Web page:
So, Sorrow and Bliss highly recommended, The Sentence, I am more lukewarm about. You can watch a live stream of the prize-giving event and the announcement by following the link here.

The Platinum Jubilee #7 2010s to present

And so we find ourselves at the end of this Platinum Jubilee weekend, four days of events and celebrations that have been quite enjoyable, actually. I’ve been to two parties and for a change the British weather did not let us down! It does not seem so very long ago that we were celebrating the Diamond Jubilee (2012) in which the Queen and the Duke of Edinburgh, being sprightly 80-somethings, played a much more active role. It had not been too bad a decade for Her Majesty – we had two major royal weddings, William and Kate in 2011, then Harry and Meghan in 2018, plus a host of minor royal weddings. And all those newlyweds have produced the next generation of royals. Sadly, the last couple of years have been very difficult; the Queen lost her husband in 2021, a few weeks short of his 100th birthday, her son Andrew brought disgrace to the family when he was forced into an out of settlement in a sexual assault case, and rifts between Prince Harry, his brother, his father and ‘the Palace’ have seen him and his wife give up their royal duties and move to California. Their public pronouncements have been uncomfortable to say the least.

But all that has been set to one side for the moment. We were even able to forget the mess that passes for British government at the moment to enjoy a truly once-in-a-lifetime moment in history. Whatever you may think of Queen Elizabeth, monarchies more generally or the British Royal Family, the world will not see her like again.

I started this blog in 2016 and have probably read more in the last ten years than in any previous decade. A few of my favourite books since 2010 have been by American authors. Donna Tartt’s The Secret History was one of my favourite books from the 1990s. Her third novel The Goldfinch, published in 2013 certainly ranks in my top ten for the last decade. It follows the story of Theo Dekker, who loses his mother in an explosion at an art gallery. He manages to escape and takes with him a small but extremely valuable Dutch Renaissance painting. He spends the subsequent years concealing his crime and the book follows his story and the events that arise out of his concealment. It’s an extraordinary book.

Hanya Yanagihara’s 2015 novel A Little Life was another highlight, a novel of epic proportions following the lives of four college friends, all of them drawn together by their quirkiness, but also their relationship with Jude, the most vulnerable in the group. Set in New York city it is a novel of our times, dealing with sexuality, depression, self-harm, isolation and being on the outside. It is heartbreaking and completely compelling.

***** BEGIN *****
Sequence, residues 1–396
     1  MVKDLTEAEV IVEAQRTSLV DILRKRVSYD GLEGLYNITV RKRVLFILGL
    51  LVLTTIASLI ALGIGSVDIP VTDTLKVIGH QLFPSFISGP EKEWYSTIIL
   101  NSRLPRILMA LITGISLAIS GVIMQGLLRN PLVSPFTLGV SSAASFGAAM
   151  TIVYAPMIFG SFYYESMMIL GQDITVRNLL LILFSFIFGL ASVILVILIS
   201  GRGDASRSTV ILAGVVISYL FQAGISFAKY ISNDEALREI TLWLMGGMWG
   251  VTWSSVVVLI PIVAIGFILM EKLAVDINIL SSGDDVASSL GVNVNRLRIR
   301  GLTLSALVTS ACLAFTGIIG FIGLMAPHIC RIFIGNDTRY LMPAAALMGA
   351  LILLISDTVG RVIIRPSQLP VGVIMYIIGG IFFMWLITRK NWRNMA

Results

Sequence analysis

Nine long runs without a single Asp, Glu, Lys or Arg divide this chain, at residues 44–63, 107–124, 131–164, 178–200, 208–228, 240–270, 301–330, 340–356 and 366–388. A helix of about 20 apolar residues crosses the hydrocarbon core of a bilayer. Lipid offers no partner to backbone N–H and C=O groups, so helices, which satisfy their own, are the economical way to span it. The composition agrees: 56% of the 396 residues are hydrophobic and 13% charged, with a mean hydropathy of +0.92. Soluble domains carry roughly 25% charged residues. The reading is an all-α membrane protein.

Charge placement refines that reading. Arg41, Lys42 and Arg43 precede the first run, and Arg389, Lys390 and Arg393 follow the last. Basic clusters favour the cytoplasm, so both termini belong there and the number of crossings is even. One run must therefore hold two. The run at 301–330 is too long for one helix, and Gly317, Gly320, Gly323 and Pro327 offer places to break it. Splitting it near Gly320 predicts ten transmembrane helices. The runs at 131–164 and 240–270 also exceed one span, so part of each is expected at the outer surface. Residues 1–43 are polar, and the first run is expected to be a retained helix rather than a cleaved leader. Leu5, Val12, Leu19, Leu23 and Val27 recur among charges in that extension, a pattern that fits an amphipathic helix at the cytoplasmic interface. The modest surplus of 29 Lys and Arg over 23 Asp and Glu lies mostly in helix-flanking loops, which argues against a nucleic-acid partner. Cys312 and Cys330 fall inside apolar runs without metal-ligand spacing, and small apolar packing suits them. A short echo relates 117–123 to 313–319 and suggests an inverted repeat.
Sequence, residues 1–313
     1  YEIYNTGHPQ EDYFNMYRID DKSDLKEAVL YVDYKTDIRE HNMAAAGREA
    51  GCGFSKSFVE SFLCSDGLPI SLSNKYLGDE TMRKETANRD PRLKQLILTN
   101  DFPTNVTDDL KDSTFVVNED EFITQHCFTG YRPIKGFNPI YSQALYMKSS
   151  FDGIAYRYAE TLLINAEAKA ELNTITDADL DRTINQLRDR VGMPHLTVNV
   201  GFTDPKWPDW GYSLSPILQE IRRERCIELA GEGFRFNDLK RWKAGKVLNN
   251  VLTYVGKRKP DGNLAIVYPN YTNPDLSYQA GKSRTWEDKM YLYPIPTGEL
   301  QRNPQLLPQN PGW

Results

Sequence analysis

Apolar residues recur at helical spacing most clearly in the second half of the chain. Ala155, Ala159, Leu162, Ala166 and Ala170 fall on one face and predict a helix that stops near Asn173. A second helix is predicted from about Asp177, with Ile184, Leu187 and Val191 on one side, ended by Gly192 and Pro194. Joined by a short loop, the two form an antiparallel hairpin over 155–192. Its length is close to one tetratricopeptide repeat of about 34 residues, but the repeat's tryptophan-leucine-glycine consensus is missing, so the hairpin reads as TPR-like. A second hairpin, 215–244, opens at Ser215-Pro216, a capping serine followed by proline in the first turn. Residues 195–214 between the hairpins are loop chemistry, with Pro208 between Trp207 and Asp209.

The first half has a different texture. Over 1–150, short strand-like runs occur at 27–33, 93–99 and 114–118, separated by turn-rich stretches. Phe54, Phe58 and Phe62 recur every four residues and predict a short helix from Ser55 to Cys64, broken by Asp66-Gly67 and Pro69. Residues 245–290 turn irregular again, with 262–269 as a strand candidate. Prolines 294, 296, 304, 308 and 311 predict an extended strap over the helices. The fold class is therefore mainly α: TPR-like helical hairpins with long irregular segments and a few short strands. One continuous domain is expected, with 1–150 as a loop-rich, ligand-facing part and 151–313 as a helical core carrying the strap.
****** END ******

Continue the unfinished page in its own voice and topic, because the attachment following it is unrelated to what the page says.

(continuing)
One of my other most enjoyable reads of the decade was Anthony Doerr’s All The Light We Cannot See, published in 2014. Set in St Malo, Brittany, it tells the story of Marie-Laure, a blind girl in second world war France and Werner, an orphan and member of the Hitler Youth and invading German forces, and how their worlds collide.

Sally Rooney took the literary world by storm in the last few years with her books Conversations with Friends (2017), Normal People (2018) and Beautiful World Where Are You (2021). Normal People was made into one of the televison events of the decade and I loved both the book and the series. Exceptional writing from a very talented young woman, who is still only thirty.

Elena Ferrante’s Neapolitan novels were another highlight of the decade. Published 2011-2014, I devoured them all and cannot choose between them for brilliance. I have yet to see the television series as it is currently only available on a channel I do not subscribe to. The two central characters Lila and Elena have stayed with me and the relationship between them has shed a whole new light on the nature of female relationships. Outstanding.

In the UK, Dame Hilary Mantel completed her Wolf Hall trilogy with Bring Up the Bodies in 2012 and The Mirror and the Light in 2020. It is a truly outstanding literary achievement. Having won her second Booker with Bring Up the Bodies, she did not quite get the hat trick with the final instalment. That honour went to Bernardine Evaristo for Girl, Woman, Other, although she shared that honour with Margaret Atwood for The Testaments.

Two other award winning novels by slightly lower profile authors I thoroughly enjoyed were Milkman by Anna Burns, which won the Booker Prize in 2018, and Birdcage Walk by the late Helen Dunmore, which was published posthumously in 2017. Milkman tells the story of a young woman growing up in Belfast during the time of the Troubles and struggling just to be herself and live the life she wants to without the threat of violence. Dunmore’s novel confirmed her as foremost among authors of historical fiction telling the story of a young woman in Bristol at the time of the French Revolution.

If I had not confined myself to British authors, my book of the decade would have been Richard Powers’s The Overstory, a book about trees and people trying to destroy them, versus people trying to protect them. But my parameters were set and Powers is American, so my book of the last decade, for sheer enjoyment, writing brilliance, masterful storytelling is Maggie O’Farrell’s Hamnet. It tells the story of a young William Shakespeare and his wife, and the 11 year-old son they lose to illness. Powerful, poignant, and a creative imagining of an event that actually happened but which we know so little about.

I have thoroughly enjoyed this exercise, looking back over books from a big chunk of the last century that I have enjoyed. Every day I have thought of more that I should have added to a previous decade and I am sure you can think of many others I have forgotten. I would love to hear your thoughts on any of my choices.

%d bloggers like this: